If the people are to have right relationship with God, they must also exercise right worship. This worship requires being freed from bondage by God's salvation, accepting God's law in your heart, and having a way to be in God's presence. The priesthood is essential to this. Sacrifice and atonement for sin is an essential part of worship, as well. Erecting an altar was the first thing that Moses instructed the people to do when they entered the land. The people were also instructed in the law, which was important for all the people who were capable of understanding to know.

The Emmanuel principle is important, that is, it is important to make a place for God with us, as the temple and specifically the tabernacle. It is all the more immanent with Jesus Christ, God incarnate.

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Israel gave a portion to the temple, but the high priest Eliashib gave space in the temple for the donations to Tobiah, who was forbidden to be in the assembly of God because he was an Ammonite.  Nehemiah threw Tobiah's things out of the temple and likewise shut down the merchants who sold goods to the Jews on the Sabbath.

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After the city is protected by the walls and the people and the city are blessed, Jerusalem must be repopulated to maintain a civilization to support the temple. Some volunteer to live there, but many are chosen by lottery.

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After the people had heard the law, they confessed their sins and worshipped God. Ezra traces the history of God's people, from His mighty deliverance from Egypt through the presumptuous sins of the people to the establishment of the land of Israel.  The people came into the land but turned away again and were sent into exile. God brought them back, and the people are now rededicating themselves to the God who has never wavered from the covenant that the people so often have abandoned.

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After the completion of the wall, in the month of Tishrei, the people gather before the Water Gate to dedicate themselves as the people of God. It is around this time that the Festival of Booths occurred in the time of Moses, but the feast had fallen into disuse, as well as the day of atonement.

The people call for Ezra to bring the book of  the law and read the law and pledge themselves to the Lord. Ezra raises the book, and praises the Lord and all the people fall and bless God. The Levites went into the crowd to help the people understand the word of God. When the people understood this law, they wept.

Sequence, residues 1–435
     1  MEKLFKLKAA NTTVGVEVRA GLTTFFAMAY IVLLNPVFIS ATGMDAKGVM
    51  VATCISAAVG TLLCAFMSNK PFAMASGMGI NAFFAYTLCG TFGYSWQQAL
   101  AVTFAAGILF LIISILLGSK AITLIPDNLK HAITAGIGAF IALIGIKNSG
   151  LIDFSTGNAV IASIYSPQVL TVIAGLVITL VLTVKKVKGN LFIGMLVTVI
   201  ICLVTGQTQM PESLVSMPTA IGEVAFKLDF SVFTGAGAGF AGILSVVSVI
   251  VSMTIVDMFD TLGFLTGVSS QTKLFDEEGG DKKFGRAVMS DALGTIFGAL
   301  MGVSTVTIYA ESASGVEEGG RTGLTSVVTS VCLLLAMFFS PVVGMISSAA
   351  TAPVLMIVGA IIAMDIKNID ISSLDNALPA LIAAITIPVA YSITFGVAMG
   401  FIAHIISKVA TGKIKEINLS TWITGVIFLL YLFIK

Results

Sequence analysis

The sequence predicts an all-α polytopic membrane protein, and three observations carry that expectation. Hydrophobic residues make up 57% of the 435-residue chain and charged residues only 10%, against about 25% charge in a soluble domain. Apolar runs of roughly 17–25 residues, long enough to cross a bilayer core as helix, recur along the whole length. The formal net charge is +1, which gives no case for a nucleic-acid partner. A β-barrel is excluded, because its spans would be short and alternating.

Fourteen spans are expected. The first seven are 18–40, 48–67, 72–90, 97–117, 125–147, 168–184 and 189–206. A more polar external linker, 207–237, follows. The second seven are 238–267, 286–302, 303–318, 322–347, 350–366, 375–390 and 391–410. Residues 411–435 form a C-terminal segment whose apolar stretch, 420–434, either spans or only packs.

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The famine in Israel was deep enough that farmers are going into debt and some are requiring extreme amounts of collateral to cover their debts. Nehemiah is so concerned that he demands that all debt collections stop and the payments are reversed.

As the building of the wall comes to a close, Sanballat, through his agents, tries to convince Nehemiah to discuss Nehemiah and Judah's role in the area, but Nehemiah saw that it was a trick to derail his work. Nehemiah goes to meet with Shemaiah, who was homebound, Shemaiah suggests that they go to the temple to discuss, but Nehemiah knows that they want to make it seem as though he is seeking sanctuary, and refuses.

The wall is finished, and a census is taken. Again, some who claim to be priests but whose lineage is unknown are excluded from the priestly functions until a priest can consult the Urim and Thummim.

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Nehemiah came in to a dispirited land and brought about a seemingly unanimous decision to rebuild the walls of Jerusalem. Even Jews as far away as Gibeon and Mizpah came to assist in the rebuilding, though some were more dedicated than others. Even what little some may do is made more difficult by a famine in the land.

Sanballat, a Samaritan, prepares to launch an attack on the Jews who are rebuilding the temple, but the plan is discovered. The rebuilding is interrupted, and Nehemiah sets up a patrol to protect the rebuilding process.

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Nehemiah comes to Jerusalem and evaluates the work to be done but does not immediately tell anyone of his plans. When confronted about the rebuilding of the temple, Nehemiah tells his critics that God will restore the Jews to Jerusalem. It is when Nehemiah begins this rebuilding that Daniel's messianic prophecy of seventy weeks of years begins.

Nehemiah is known for his intercession, an important facet of leadership.

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Nehemiah came to prominence as a leader of the Jews 13 years after Ezra's time. Powerful men had taken issue with Ezra rebuilding the walls of Jerusalem, which had contributed to a decline of Ezra's influence. Nehemiah, cup bearer to Artaxerxes, pleads to the king to rebuild Jerusalem, since Judah's neighbors were exploiting the unprotected nature of the city. Artaxerxes agrees, perhaps believing that having a friendly leader in Judah would protect him from his enemies.